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A Journey into Scotland … Part 38


With Sgurr Mor rising into the stratus on my left and Bein Derg towering up on my right I’m pedalling down a long and lovely road towards Loch Broom. I have seldom felt such a weight of anticipation, never known this depth of nostalgia. I’m going back to Ullapool. A place where I was absurdly happy. A place where we came twice for family holidays. In the great blur and vacuum, that is my memory, of my first four years, I remember this as clearly and fondly as any. I’ve recently been given photographs of these holidays. There was never any question of them revealing a different truth. They show a bunch of children on the shores of a loch gathering stones, playing ducks and drakes and being filled with the spirit of sharing and togetherness. To this day when I think of good holidays, I think of Ullapool.


The road drops gently through first fir, then broadleaf trees as I ride from The Falls of Measach. As the valley begins to level out and broaden, houses  appear, sheep are in the winter pasture and the little raging River Droma has become the wider, grander River Broom. Riding along in 1987 I couldn’t quite work out why the river had changed names and how a mountain stream had become a lowland river. The extra volume of water is easy to explain. It’s an area of exceptionally high rainfall and there are tributary streams joining every few hundred yards. The nominal capture of the Droma by the Broom remains a mystery to me.

Don’t become too complacent about Caledonian loveliness though. Not all of the land around here is in the astonishingly beautiful category; some is merely very, very beautiful. And, there are indeed, some patches where beauty is the last word you would reach for. Today is the first day where I come face to face with one of the real ambiguities of Scotland: the Forestry Commission.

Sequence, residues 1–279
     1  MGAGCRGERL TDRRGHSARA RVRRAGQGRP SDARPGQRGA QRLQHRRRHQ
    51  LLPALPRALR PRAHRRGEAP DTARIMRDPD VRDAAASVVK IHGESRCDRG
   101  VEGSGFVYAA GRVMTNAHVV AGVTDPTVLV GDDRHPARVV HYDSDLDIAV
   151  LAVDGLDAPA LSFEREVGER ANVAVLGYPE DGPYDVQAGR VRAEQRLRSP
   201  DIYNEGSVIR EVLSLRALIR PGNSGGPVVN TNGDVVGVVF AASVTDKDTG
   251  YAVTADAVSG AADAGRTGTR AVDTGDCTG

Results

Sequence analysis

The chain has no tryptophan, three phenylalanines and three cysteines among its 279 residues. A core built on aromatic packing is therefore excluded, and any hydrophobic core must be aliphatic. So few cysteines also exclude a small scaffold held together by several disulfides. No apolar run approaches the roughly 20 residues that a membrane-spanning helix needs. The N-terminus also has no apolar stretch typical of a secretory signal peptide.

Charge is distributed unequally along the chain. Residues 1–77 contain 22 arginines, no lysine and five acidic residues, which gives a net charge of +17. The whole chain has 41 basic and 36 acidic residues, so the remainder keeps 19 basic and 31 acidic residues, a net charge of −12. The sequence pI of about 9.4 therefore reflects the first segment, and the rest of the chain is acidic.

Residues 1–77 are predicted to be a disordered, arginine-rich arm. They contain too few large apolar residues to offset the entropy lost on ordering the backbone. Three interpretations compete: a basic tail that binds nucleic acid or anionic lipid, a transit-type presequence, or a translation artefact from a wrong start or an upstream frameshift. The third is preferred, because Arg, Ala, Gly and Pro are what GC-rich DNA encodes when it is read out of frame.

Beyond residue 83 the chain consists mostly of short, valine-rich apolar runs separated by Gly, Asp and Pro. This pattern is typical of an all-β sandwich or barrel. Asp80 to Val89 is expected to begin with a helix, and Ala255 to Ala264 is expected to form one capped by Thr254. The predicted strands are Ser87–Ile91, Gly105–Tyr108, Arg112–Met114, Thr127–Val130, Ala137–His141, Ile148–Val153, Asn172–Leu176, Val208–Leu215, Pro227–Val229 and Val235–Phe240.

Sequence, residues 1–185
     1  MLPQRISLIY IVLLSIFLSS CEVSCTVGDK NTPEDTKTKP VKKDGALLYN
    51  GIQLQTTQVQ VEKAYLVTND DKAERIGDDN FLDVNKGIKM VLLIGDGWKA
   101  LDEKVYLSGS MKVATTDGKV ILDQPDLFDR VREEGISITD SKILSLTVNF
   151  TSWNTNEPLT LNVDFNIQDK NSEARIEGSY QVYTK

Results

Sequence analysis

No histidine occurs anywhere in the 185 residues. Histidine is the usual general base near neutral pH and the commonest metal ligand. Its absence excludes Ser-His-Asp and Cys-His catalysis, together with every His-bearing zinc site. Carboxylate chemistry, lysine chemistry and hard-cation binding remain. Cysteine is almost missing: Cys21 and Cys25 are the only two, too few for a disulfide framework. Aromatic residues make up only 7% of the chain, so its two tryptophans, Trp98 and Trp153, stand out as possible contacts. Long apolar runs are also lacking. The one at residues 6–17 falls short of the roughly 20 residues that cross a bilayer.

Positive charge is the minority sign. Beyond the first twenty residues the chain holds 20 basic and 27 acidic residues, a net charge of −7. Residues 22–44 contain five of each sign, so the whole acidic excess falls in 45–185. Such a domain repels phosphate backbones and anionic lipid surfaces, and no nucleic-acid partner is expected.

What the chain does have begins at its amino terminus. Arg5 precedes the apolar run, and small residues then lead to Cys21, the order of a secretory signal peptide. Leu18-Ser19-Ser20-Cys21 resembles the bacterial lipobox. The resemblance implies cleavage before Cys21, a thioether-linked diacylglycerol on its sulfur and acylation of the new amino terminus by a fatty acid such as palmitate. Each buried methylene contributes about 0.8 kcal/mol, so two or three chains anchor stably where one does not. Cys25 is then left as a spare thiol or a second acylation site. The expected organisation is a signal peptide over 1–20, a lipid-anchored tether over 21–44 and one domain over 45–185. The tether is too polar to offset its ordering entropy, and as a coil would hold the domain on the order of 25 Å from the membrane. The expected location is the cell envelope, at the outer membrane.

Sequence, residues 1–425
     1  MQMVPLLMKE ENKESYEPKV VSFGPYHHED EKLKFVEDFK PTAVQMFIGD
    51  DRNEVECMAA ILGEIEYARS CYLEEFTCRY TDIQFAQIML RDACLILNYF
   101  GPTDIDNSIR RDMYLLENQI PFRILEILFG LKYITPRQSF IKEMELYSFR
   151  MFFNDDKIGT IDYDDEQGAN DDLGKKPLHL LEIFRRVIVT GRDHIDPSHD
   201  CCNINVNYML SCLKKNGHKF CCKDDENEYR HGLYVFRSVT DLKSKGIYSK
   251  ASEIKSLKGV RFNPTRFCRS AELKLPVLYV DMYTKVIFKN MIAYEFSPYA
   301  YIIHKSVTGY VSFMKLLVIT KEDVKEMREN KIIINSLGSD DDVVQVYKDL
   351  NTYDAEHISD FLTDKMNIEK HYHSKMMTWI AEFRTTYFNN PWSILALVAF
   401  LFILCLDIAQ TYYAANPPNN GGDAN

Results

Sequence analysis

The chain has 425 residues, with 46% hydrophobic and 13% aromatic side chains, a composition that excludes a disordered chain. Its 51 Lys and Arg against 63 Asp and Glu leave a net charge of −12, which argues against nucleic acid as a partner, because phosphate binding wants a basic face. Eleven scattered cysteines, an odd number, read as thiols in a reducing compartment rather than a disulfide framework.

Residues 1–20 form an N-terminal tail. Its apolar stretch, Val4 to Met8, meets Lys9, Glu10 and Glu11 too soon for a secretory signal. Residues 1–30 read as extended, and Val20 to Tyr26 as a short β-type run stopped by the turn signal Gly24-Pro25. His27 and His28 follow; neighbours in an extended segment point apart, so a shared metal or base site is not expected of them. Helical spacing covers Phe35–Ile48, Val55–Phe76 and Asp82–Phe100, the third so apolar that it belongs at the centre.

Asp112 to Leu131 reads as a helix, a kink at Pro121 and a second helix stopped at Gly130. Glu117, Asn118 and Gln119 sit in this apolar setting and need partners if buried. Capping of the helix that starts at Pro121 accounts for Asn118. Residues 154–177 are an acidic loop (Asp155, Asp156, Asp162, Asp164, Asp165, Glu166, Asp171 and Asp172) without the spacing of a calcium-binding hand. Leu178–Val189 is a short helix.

river broom

At one time all of Britain was forested and, left to its own devices, would become so again within a couple of generations. Ours is a largely man-made environment. Obviously the mountains and lakes and rivers are mostly natural, but what we see, and how we see it, has been controlled by people.

From earliest times we have chopped down trees for fuel and to make tools. Later it was for building with and in order to clear areas of ground for planting. We’ve been a proud island nation for as long as we have had the poets to name us as such. We’ve prided ourselves on our naval power and, whether in patriotic song or in military fact, Britain has ruled the waves through long periods of history.  From Drake to Nelson we have built ships to win key sea battles from Gravelines to Trafalgar. You can visit the flagship of the victorious British fleet at Portsmouth. The Victory is a splendid sight, though many comment on how small she is compared to the ferries that sail into the nearby port. Six thousand massive oak trees were cut down to build this one ship. Britain has always found a way of using up the timber that grows so well in our soil. (Not wishing to cast aspersions onto the integrity of the carpenters and shipwrights but it is estimated that over a quarter of the timber that was brought into the naval shipyards was actually used to make staircases, windows and doors for houses in the town.)

HMS Victory. Photo credit Daily Telegraph

HMS Victory. Photo credit Daily Telegraph

After the first world war timber supplies were severely depleted and, relatively speaking, trees were becoming rare. The Forestry Commission and a separate body called the Forestry Commission for Scotland, were set up with a view to replenishing the national stock of timber. They have been very successful but they haven’t always been very popular; especially among those who like their countryside to look green and lovely and be home to a wide range of flora and fauna.